My version of a stylish Wednesday night usually means watching what comes down the catwalk on Project Runway
. Last Wednesday night Jason and I kicked it up several notches by attending a truly glamorous event for both our eyes and our palate: the Blackbird
Salon Series featuring the work of Sally Ko.
Leave it to the oh-so-inventive Blackbird to go and do something cool like host dinner parties amidst art openings. Its Salon Series has run for three years in the upstairs private dining room, with new showings appearing on a monthly basis (though the program had been on break since last spring).
Renowned chef Paul Kahan creates a five-course meal with wine pairings inspired by the artist's work, often creating new dishes that weasel their way on to the Blackbird menu. That night we would learn that the main entree, braised kobe short rib with roasted quince, would soon be a regular offering—and with good reason. The combination of the moist, salty meat with the sweet, caramelized fruit is certainly worth a return trip.
Accessible via a steep set of stairs from a separate entrance, we arrived out of breath but were immediately made to feel welcome: greeted by a hostess, unburdened of our coats, decked out with matching flutes of Champalou Vouvray Brut, and given the space to admire two large-scale Sally Ko paintings just beyond the entrance.
As a long-time friend and fan of Ko's work, I was excited to see her latest direction, fusing two styles she has previously worked in to create all-white paintings covered with explosions of matte color, a new earthy take on Pop Art.
Along with a stream of high-fashion ladies, there were also business suits and several people in jeans. Sally, at seven months pregnant, looked the most ravishing of all in a black and white ruffled number. The night felt all the more special knowing that this could be Sally's last art opening before settling into motherhood.
After a few more refills of brut, some chit-chatting and admiring the paintings, we all picked seats for the feast. Styled much like the restaurant, 40 seats made up the dining area, behind which were austere white walls outfitted with 13 more paintings by Sally.
Partial-owner Donnie Media welcomed the crowd, followed by some words by Kahan, who greeted the crowd with, "We're all here for a reason. We all hate George Bush, right?" After some laughs, he went on. "I loved Sally Ko's paintings immediately when I saw them," and later said that the evening was a chance to "talk about the art, look at the art, compare what we see in the art...That's the point of these Salon Series, and if you meet someone new, well that's great too."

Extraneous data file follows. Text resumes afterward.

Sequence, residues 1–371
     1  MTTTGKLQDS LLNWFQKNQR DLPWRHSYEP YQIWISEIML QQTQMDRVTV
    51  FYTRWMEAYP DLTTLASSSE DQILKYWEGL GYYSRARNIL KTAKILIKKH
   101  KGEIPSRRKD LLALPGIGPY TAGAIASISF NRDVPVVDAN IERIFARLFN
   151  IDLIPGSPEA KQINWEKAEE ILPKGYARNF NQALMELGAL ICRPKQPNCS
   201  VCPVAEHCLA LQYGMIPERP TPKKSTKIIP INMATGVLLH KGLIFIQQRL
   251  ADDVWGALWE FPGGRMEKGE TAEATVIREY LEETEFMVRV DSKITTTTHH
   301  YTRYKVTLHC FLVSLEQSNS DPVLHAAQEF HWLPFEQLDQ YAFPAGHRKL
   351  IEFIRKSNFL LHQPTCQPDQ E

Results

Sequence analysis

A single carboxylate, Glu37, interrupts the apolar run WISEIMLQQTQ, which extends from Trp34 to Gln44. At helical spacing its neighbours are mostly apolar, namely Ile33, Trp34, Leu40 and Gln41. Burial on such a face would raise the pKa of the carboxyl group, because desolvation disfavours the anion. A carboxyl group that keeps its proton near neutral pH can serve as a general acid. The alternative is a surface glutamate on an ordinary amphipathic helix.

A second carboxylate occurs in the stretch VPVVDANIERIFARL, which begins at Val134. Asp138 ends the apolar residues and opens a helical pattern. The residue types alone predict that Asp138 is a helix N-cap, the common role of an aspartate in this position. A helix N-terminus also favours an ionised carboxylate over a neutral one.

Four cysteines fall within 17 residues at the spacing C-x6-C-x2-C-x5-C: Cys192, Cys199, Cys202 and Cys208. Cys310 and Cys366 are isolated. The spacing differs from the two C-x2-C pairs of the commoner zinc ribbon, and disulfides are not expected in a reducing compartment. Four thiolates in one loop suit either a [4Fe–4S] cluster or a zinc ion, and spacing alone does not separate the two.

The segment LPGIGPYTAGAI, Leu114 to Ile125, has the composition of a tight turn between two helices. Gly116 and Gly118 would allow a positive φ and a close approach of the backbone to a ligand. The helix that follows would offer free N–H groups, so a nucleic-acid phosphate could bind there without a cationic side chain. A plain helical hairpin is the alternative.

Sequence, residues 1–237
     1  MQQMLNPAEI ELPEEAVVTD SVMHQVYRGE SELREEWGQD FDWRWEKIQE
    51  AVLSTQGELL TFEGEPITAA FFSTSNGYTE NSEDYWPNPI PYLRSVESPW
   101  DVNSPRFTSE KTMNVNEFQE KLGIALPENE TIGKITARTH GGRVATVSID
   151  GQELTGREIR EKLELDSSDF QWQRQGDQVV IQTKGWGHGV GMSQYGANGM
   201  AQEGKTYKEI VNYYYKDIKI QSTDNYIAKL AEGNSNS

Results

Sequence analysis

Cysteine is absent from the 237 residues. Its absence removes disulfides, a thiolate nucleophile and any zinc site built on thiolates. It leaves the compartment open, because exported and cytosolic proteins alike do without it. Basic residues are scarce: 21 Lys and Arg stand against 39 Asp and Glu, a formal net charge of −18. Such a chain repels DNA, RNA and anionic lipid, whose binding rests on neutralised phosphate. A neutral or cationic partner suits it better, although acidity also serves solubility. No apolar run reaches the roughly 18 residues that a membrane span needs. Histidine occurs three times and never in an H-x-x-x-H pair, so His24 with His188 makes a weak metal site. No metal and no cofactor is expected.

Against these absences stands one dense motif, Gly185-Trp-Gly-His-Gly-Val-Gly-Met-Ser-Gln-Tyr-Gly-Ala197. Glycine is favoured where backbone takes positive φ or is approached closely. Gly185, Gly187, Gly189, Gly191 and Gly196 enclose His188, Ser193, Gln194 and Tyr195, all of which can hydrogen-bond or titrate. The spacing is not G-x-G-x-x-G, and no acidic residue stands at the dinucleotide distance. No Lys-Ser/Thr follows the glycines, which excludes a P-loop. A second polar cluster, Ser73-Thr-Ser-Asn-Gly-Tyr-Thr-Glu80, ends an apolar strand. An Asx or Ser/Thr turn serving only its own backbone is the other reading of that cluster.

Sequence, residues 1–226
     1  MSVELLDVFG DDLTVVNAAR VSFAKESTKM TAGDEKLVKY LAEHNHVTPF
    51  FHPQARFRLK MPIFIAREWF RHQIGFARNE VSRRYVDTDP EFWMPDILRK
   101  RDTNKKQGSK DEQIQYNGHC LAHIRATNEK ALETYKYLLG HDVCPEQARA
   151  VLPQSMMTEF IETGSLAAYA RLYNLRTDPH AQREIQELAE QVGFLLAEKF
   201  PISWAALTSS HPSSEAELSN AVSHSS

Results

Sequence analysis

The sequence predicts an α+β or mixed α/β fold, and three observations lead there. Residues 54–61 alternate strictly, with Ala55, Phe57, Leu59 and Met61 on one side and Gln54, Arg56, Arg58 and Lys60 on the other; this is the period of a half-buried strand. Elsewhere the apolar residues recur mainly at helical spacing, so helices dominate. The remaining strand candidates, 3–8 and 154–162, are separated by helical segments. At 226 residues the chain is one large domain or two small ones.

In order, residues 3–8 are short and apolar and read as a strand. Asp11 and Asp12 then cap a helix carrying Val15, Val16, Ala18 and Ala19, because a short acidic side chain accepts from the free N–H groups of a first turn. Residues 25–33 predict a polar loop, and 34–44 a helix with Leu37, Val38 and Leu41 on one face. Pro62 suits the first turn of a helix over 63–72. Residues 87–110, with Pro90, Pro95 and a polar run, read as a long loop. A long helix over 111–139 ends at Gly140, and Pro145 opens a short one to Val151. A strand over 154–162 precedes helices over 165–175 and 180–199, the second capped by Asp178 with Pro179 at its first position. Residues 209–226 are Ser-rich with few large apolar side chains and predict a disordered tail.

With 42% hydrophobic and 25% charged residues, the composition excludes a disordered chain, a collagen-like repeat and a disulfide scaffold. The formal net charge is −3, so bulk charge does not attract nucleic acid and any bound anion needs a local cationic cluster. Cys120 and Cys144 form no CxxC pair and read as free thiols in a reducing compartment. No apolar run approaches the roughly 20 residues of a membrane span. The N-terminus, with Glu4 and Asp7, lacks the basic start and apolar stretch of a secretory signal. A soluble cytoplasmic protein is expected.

The first dish to arrive, pemaquid oysters with mushrooms, looked like a signature Sally Ko painting! Broken bits of oysters arranged on the plate compared to the floating off-white symbols in the all-white paintings hanging behind us.
The second dish, a crispy walleyed pike with smoky octopus and orange, was a psychedelic explosion of flavors, much like Sally's colorful paintings are explosions of colors.
Featuring an impeccable level of service, the servers placed our wines in front us before each new dish arrived; in addition to the brut, we sampled a California white, a Chardonnay and a Syrah with the main dish.
The servers delivered the dishes in theatrical perfection, entering the room in a precise line, ready to disperse the treasured dishes. But the real beauty of this monthly event is that it's a private party open to anyone. For the price of $125 per person you can see artwork by one of Chicago's most exciting emerging artists, sample five brand new dishes by Kahan, and learn about a range of new wines. While affording a painting (Sally's run $2,000 to $3,500) may not be within reach for most of us, sampling the high life once in a while can be.